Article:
Couch to 5K with 1K to spare

In a market full of Fitbits, Misfits, and Fuelbands, it’s easy to get carried away with sophisticated personal fitness tracking technology.  That’s why [André] took a totally different approach with his super simple run tracking device, the C25K machine.

C25K stands for “Couch to 5k” which is a slimmed down exercise schedule designed to gradually bring people who have otherwise no exercise routine up to a level of fitness where they can run a 5k in just 9 weeks.  To keep participants from wearing themselves out too early, the routine specifies a sequence of running and walking periods to be completed in series on specific days.  Though simpler than most fitness plans, it’s still a lot to keep track of especially when you’re sweating so hard you can barely see your stopwatch.

André found a solution using a bare-bones circuit based on the ATTiny2313.  After loading the C25k calendar into its firmware (which takes up less than half of its 2K of flash), he needs only to toggle the dipswitch to select the appropriate day of the program, and the little device (scarcely larger than a key fob) will beep to let him know to switch from running to walking or back again.

Definitely a great project for any hobbyist looking for a geeky way to get in shape.

Rebecca Black running accessory also promotes running for everyone within earshot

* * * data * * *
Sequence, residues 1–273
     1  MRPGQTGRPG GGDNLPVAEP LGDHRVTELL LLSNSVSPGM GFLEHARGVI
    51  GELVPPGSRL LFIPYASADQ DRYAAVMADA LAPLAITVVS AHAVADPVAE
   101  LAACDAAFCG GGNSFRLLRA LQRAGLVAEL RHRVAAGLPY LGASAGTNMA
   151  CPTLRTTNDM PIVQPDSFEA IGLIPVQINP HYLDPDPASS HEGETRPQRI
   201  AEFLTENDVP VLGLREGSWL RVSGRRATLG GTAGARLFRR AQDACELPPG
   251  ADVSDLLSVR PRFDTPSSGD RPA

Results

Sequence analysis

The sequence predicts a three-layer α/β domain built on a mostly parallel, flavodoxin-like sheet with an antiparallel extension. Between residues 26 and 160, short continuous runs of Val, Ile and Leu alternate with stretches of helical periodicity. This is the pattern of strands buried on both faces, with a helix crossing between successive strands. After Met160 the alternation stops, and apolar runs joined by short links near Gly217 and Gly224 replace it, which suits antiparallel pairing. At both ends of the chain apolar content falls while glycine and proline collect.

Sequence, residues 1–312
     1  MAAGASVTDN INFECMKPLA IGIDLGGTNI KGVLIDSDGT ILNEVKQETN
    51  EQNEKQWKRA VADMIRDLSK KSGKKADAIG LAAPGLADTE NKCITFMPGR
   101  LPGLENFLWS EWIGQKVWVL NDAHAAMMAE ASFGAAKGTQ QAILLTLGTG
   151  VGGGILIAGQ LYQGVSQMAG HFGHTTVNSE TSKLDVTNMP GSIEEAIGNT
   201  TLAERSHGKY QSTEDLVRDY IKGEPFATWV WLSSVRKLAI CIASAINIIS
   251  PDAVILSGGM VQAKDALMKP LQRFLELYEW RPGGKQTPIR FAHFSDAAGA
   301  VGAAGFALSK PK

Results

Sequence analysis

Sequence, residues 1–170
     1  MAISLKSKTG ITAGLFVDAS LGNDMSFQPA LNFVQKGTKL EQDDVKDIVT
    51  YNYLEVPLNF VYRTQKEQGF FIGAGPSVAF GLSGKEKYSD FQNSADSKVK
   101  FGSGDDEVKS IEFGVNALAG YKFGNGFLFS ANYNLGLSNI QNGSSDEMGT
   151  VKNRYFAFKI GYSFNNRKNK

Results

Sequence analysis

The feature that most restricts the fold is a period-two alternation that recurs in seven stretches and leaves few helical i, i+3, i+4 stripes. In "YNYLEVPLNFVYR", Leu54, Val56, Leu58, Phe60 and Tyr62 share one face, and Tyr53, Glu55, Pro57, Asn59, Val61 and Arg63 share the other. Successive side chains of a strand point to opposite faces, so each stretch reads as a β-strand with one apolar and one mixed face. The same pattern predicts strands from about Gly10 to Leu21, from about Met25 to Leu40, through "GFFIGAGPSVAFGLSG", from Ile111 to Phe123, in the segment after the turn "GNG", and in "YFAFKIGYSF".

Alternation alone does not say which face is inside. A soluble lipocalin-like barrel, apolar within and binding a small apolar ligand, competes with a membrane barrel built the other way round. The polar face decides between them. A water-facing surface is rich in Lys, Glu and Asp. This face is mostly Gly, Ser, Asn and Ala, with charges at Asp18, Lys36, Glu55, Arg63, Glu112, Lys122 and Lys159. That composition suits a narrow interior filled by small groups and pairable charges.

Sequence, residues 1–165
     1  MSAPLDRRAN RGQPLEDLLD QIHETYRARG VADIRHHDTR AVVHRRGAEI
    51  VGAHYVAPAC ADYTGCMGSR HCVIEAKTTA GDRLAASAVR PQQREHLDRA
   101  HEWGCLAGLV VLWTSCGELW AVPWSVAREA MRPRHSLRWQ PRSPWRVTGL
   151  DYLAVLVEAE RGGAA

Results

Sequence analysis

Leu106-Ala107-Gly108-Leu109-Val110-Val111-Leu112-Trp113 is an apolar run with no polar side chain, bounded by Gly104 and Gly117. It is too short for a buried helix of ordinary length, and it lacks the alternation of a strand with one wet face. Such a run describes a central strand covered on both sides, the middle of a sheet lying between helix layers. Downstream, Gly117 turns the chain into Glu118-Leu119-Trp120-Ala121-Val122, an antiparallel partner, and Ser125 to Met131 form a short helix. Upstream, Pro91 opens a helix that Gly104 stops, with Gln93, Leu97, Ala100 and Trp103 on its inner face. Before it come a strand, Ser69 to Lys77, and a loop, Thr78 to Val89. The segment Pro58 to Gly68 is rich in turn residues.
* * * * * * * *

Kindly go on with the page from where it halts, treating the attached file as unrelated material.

Last Friday, Friday we caught wind of [gvillenave]‘s running accessory inspired by Rebecca Black, and we we we so excited, we so excited to bring this to you on Saturday, which comes after Friday.

[gvillenave] came up with the idea of using a song on the annoyance level of “Friday” to encourage a runner into keeping up a good pace. The concept is simple: if the wearer is running fast, the song will speed up. If the wearer is slowing down, the song will slow down and extend the agony.

The build uses an Arduino and [ladyada]‘s wave shield coupled to an accelerometer. [gvillenave] included the code, and also wired up some LEDs to a pair of sunglasses that blink more often as the runner’s speed increases. The wave shield has a 3.5mm jack for headphones, but [gvillenave] graciously wired a speaker in, “so that you can annoy people around you, and not just yourself.” All this is packaged in a very nice 3D printed enclosure making for a great looking project.

There’s no word on the effectiveness of the negative reinforcement aspect of [gvillenave]‘s build, but we suspect it will help her get down to the bus stop a little faster every morning.

World Of Warcraft on a treadmill


[Aaron Rasmussen] and his friend [Eli] slapped together this setup to see what it would be like to run as much as their World of Warcraft characters. They used a couple old treadmills to spin some tires with makeshift mouse sensors on them. As their speed increased, so did their character. There was a decent amount of math done to figure the average speed of a World of Warcraft character, and ultimately they settled on 12 miles per hour. Not surprisingly, they found that too difficult due to the resistance in the rig as well as being out of shape. They ended up lowering the speed required to make their character go full sprint to 6 miles per hour.

Their final conclusion was that they could never run as much as their digital counterparts. Even if they were in really good shape. [Aaron] does say that it was fun enough to consider doing it regularly as a workout plan. He should wear the costume every time he uses it.

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